Mit dem Anfang anfangen: Stationen auf Karl Barths theologischem Weg

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Karl Barths Denken und Handeln folgte der Devise: Es gilt, als Christenmensch immer wieder mit dem Anfang anzufangen. In jeder Zeit ist jeweils neu auszugehen von dem, was Gott uns sagt. So bleiben Theologinnen und Theologen zeitlebens Schülerinnen und Schüler des Wortes Gottes.

Der Barth-Kenner Eberhard Busch zeichnet in diesem Buch anhand ausgewählter Stationen seinen theologischen Weg nach: Von den frühen Predigten (1911) über den aufsehenerregenden «Römerbrief» (1922), die deutlichen Stellungnahmen in der Zeit des Nationalsozialismus, die grundlegenden Themen der «Kirchlichen Dogmatik» bis hin zum Ende seiner Tätigkeit 1967.

Das Buch regt dazu an, genau hinzuhören, was Barth in seiner Zeit gesagt hat und was er uns heute sagen würde. Denn Theologie hat nach Barths Auffassung die Aufgabe, sich einzumischen und die Probleme der Zeit zu benennen. Dabei hat sie nicht zu wiederholen, was die Mehrheit schon meint, sondern hat, wenn nötig, auf eine vergessene Wahrheit zu pochen.

This is the best introduction to the thinking of Barth that has yet been written. Busch begins with the earliest writings of Karl Barth and carefully shows, with ample evidence, the stages along Barth’s theological and intellectual development.

Commencing with an early sermon of Barth, from 1911, on Atheism and Discipleship and moving through the Tambach conference and Barth’s ‘Romans’, Busch helps readers see, and literally trace, the core concepts which Barth would later fully enunciate.  Barth’s critique of Protestantism and his adventures and struggles in the context of the German University system and the German church’s life in the era of Hitler are also stages along the way which – one and all – contribute in one way or another to the mature Barth’s theology.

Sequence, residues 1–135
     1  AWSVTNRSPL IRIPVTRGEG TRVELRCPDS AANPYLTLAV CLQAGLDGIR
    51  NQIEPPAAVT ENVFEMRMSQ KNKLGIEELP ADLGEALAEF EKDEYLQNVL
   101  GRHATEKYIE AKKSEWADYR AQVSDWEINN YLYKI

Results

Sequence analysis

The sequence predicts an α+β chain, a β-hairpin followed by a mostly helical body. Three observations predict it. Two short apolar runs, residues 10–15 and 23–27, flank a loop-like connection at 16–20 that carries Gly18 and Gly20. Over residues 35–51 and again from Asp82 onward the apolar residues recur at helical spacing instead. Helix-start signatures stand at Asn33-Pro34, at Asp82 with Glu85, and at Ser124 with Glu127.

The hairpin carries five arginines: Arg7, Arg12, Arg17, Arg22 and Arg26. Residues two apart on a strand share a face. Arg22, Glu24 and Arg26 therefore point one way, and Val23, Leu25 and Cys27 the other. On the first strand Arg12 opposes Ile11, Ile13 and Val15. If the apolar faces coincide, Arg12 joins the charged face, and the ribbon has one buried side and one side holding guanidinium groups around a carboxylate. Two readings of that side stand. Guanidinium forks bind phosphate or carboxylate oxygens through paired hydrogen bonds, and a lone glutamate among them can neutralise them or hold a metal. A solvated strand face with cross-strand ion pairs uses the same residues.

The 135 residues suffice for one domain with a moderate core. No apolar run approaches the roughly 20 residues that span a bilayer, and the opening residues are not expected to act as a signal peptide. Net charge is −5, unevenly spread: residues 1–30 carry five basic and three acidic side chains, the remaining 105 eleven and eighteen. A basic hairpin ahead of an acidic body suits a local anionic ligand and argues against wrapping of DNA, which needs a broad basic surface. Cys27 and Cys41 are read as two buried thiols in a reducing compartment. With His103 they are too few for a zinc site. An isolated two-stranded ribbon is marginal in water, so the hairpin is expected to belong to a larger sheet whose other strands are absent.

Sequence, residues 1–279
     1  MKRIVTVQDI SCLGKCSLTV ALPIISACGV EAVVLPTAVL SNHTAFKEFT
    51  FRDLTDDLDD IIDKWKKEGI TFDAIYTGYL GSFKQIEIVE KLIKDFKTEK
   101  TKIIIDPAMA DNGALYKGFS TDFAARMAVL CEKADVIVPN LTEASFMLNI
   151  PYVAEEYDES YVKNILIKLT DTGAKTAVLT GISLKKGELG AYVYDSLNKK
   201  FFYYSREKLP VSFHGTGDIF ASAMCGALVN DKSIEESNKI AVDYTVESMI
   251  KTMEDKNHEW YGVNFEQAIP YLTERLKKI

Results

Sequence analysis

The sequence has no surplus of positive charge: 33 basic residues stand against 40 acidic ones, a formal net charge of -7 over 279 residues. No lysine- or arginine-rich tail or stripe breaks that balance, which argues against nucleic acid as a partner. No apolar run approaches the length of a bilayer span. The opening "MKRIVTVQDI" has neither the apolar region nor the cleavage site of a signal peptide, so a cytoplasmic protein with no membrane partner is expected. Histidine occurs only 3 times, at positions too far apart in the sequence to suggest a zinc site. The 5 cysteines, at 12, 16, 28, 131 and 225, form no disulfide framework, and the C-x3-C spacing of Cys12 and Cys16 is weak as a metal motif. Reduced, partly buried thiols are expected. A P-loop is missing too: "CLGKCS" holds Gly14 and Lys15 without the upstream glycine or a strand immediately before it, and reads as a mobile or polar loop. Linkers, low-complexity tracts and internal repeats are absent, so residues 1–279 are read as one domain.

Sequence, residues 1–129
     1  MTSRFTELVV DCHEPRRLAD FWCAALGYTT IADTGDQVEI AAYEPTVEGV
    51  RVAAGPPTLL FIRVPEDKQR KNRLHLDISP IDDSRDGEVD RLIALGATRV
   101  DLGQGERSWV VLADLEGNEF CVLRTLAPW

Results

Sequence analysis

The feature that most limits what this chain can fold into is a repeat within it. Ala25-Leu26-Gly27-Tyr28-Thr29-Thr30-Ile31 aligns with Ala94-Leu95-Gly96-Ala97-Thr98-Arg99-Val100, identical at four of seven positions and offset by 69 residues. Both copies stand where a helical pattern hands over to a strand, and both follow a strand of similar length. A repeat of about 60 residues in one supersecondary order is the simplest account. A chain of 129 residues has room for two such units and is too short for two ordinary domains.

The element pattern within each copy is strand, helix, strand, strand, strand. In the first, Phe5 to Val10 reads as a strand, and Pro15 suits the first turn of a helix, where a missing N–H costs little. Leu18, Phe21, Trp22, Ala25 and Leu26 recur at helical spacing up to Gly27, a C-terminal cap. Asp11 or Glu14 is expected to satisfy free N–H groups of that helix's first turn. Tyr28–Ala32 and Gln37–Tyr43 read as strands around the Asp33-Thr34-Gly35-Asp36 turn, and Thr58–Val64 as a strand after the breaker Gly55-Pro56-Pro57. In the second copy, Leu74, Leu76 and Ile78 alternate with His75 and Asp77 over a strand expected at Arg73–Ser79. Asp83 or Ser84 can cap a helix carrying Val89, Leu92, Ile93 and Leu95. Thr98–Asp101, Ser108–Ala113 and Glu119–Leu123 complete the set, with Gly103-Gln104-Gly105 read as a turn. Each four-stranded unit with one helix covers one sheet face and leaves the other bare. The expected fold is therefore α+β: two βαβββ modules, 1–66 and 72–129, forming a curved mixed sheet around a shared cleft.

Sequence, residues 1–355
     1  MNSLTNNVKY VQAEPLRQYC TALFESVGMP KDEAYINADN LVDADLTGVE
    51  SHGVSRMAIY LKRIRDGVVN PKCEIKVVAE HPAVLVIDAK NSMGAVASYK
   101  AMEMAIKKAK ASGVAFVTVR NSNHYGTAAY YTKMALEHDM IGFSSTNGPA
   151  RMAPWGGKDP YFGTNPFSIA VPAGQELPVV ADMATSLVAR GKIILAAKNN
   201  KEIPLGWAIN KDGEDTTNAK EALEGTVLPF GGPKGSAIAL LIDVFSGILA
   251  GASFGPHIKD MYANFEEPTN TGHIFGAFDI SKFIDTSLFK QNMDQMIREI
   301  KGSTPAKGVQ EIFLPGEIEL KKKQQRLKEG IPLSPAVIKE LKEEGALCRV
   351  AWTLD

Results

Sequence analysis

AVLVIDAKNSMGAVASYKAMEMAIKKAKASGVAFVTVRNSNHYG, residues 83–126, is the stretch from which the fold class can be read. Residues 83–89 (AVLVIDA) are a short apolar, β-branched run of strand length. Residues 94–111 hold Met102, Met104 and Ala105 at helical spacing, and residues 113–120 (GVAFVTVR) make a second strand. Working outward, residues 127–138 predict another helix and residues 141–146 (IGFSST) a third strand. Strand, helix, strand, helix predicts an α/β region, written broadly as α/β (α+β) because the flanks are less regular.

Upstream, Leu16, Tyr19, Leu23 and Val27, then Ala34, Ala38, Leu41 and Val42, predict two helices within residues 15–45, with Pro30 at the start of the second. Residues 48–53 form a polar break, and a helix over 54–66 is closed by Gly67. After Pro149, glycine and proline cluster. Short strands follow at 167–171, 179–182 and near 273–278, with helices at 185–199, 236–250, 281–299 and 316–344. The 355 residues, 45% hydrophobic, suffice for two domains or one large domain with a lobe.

Barth’s theology and its relationship to Judaism, and the Third Reich, and the friendships Barth maintained after the end of the Second World War are also players on the stage of Barth’s theological development.

But Barth was also influential in and influenced by the Cold War, as well as by the rise of pietistic movements post war.  These influences are manifested in the later volumes of the Church Dogmatics, especially in IV/2, IV/3, and IV/4.

The volume at hand not only exposes readers to a very well documented ‘roadmap’ to Barth’s theological development, it also answers some of the most pressing questions raised about Barth’s theology.

Yes, it answers the question of Barth’s universalism, with a resounding YES.  YES, Karl Barth believed all would be saved.  In no uncertain terms.

… alle Menschen geheiligt sind.  Alle, und nicht nur eine Auswahl.

In Christus sind alle geheiligt.  (S. 216)

It could not be made more clear.

This little book also includes a lot of photographs which come from the author’s own collection.  Some of which I have seen before, but many which I have not.  And I suspect that I am not alone in that.

There are no indices, but the table of contents is full enough and each chapter includes clearly labelled subsection headings.  If you’re interested in finding out some particular this or that, it’s easily done in a few minutes skimming.

Karl Barth is a Himalaya that no one seeking theological truth can avoid crossing.  This little book is the best guide yet to that journey.  Barthians one and all, and theologians in general, should make use of it and by so doing they will come to a much clearer understanding of what Barth thought, how he got there, and how it influenced his work.

Love him or hate him.  Or both.  You owe it to yourself to read this volume.